Nän K’ałädàtth’ät: A Re-evaluation of Court Options for Shadhäla, Äshèyi yè kwädän Changing Times, Continuing Ways: Champagne and Aishihik First Nations
The Jane Glassco Northern Fellowship is a policy and leadership development program that recognizes leadership potential among young northern Canadians who want to address the emerging policy challenges facing the North. The two year long program is built around four regional gatherings and offers skills training, mentorship and networking opportunities.
Samantha Dawson is a citizen of the Selkirk First Nation, Yukon and is a graduate of Allard Law, UBC with a dual specialization in Aboriginal law and social justice. She currently practices criminal defence law as an articling student in Vancouver, continuing her research of justice issues and how they pertain to Indigenous peoples, particularly high incarceration rates. Samantha has also volunteered with a number of organizations including: the Assembly of First Nations, The Native Women’s Association of Canada, the Yukon Aboriginal Women’s Council, the UBC Indigenous Law Student’s Association and the Canadian Association of Journalists. Samamtha is grateful to the Champagne and Aishihik First Nations for sharing their history with our group in
preparation for this work.
Jessica Black is a Nunavummiut from Iqaluit. Jessica has spent her career so far imbued within the field of justice. She is currently residing in Victoria, B.C., while she completes a juris doctor at the University of Victoria, but her home and heart remain in the North. Her dream is to practise environmental and indigenous law in a way that advocates and contributes to the arctic and its peoples. She is passionate about circumpolar affairs, complex policy issues, art, and loves surfing and cycling.
Melaina Sheldon is of Polish/Ukrainian, Southern Tutchone and Inland Tlingit descent of the Deisheetaan (Beaver) Clan from Teslin, Yukon Territory. As an alumna of the Jane Glassco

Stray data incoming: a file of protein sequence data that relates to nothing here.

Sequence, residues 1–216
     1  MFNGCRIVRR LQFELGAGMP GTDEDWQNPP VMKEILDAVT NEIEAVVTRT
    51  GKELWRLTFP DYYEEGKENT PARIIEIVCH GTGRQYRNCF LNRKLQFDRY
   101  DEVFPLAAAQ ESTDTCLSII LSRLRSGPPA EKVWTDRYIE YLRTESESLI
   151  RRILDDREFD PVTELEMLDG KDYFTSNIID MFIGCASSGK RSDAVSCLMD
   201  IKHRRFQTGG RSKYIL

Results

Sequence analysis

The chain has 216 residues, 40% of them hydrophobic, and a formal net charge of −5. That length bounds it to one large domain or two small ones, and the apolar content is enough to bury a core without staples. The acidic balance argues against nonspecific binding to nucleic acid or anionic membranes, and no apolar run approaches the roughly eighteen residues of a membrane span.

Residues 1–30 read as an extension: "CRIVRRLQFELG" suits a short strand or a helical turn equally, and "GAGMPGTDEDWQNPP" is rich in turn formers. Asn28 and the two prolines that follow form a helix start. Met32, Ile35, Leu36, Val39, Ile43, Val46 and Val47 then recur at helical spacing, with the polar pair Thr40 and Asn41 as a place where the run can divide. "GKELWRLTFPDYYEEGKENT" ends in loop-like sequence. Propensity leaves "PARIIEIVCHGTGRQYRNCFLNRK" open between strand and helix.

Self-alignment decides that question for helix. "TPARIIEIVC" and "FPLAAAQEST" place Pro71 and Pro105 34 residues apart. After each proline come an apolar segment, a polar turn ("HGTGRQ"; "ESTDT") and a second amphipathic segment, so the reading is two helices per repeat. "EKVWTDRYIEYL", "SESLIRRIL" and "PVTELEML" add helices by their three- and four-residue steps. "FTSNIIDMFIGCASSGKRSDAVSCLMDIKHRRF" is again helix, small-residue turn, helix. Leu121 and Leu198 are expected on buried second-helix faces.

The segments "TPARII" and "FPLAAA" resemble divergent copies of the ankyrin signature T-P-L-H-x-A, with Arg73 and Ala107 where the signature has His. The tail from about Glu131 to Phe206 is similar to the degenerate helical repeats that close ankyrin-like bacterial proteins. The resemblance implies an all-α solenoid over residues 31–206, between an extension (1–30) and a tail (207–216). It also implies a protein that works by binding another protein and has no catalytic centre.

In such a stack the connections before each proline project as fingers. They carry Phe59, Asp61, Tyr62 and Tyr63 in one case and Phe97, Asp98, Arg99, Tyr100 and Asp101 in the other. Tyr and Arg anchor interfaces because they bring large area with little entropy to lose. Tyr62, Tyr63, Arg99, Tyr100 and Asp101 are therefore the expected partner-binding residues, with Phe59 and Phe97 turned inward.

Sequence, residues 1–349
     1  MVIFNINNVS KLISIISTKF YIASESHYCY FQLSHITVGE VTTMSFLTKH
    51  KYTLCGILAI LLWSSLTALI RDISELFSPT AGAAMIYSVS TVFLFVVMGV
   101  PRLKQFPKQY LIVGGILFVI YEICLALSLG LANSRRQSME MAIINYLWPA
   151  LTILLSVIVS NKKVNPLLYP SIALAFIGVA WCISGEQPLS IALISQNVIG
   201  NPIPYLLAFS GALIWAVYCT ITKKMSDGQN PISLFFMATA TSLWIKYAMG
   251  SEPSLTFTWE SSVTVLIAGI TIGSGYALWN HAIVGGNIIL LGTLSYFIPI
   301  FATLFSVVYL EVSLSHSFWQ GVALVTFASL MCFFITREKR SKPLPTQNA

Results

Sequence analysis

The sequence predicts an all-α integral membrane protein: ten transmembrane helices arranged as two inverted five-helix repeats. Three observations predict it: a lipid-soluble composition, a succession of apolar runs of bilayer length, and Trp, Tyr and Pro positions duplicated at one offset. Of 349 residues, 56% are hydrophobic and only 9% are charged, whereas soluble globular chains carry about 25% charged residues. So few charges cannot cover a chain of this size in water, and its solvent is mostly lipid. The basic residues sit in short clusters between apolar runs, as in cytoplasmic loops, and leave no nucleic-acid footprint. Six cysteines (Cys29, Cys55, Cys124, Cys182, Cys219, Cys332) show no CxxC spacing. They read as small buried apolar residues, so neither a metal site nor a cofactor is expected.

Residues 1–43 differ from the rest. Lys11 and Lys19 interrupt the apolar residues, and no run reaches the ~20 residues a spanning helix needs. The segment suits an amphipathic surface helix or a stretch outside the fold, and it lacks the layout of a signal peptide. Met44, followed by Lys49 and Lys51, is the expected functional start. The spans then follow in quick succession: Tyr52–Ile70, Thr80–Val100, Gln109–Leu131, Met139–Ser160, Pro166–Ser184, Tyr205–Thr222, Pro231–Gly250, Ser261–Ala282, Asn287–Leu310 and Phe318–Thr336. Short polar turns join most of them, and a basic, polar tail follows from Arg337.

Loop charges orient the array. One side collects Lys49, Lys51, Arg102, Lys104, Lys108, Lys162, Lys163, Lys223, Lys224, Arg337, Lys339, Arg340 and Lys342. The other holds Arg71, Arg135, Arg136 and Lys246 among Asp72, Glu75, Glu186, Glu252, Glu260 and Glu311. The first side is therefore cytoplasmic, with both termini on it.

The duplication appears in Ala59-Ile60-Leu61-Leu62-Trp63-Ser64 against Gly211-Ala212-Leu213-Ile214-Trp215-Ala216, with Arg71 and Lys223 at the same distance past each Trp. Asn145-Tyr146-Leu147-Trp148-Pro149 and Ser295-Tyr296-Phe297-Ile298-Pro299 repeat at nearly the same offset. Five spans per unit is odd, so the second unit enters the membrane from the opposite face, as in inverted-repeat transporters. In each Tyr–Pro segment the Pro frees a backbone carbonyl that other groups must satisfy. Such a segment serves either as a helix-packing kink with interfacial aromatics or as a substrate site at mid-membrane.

Northern Fellowship 2015 cohort Melaina completed her fellowship with a focus on crime prevention and relationship-building between First Nations people and law enforcement officers, combining her passion for justice with a deep-seated belief in the power of theatre to effect social change. She currently sits as a member of the Yukon Police Council and as a clan representative on the Teslin Tlingit Justice Council.
Jordan Peterson was raised in Aklavik, is of Gwich’in, Inuvialuit, Scottish and Swedish ancestry and currently resides in Inuvik. He has dedicated his life to his communities and working with Gwich’in youth, as he did in his former role as the Community Development Officer for the Gwich’in Tribal Council. Jordan has held a number of board positions in Inuvik and is currently appointed as a Board Member for Gwich’in Council International. He has lived and worked all over Western Canada in a number of industries, but found his true calling when given the chance
to work for and with his people. Jordan was elected Deputy Grand Chief/Vice President of the Gwich’in Tribal Council in 2016.
Meagan Grabowski was born in Dawson City, raised in Whitehorse and continues to live in the Yukon Territory. She completed a B.Sc. in Natural Resource Conservation and an M.Sc.
in Zoology at the University of British Columbia. With the Jane Glassco Northern Fellowship, Meagan provided policy recommendations to Yukon Government on modernizing
the Yukon Scientists and Explorers Act to better co-manage the granting of research licenses with Yukon First Nations. She is interested in the role of science policy in self-determination
for Yukon communities, particularly as it relates to climate change adaptation and equitable economic development.